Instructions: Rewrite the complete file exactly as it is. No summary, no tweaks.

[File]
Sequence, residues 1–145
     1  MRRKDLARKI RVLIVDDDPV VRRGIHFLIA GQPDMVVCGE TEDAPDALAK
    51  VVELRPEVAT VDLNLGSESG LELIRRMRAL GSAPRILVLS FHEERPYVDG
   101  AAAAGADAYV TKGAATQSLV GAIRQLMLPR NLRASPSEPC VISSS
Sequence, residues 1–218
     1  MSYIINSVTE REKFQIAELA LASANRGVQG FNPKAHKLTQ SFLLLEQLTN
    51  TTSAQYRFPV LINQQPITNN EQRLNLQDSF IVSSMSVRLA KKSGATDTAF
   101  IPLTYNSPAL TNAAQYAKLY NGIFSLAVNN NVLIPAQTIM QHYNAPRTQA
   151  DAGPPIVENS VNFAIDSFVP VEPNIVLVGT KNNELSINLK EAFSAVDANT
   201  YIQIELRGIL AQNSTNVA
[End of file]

Sequence, residues 1–145
     1  MRRKDLARKI RVLIVDDDPV VRRGIHFLIA GQPDMVVCGE TEDAPDALAK
    51  VVELRPEVAT VDLNLGSESG LELIRRMRAL GSAPRILVLS FHEERPYVDG
   101  AAAAGADAYV TKGAATQSLV GAIRQLMLPR NLRASPSEPC VISSS
Sequence, residues 1–218
     1  MSYIINSVTE REKFQIAELA LASANRGVQG FNPKAHKLTQ SFLLLEQLTN
    51  TTSAQYRFPV LINQQPITNN EQRLNLQDSF IVSSMSVRLA KKSGATDTAF
   101  IPLTYNSPAL TNAAQYAKLY NGIFSLAVNN NVLIPAQTIM QHYNAPRTQA
   151  DAGPPIVENS VNFAIDSFVP VEPNIVLVGT KNNELSINLK EAFSAVDANT
   201  YIQIELRGIL AQNSTNVA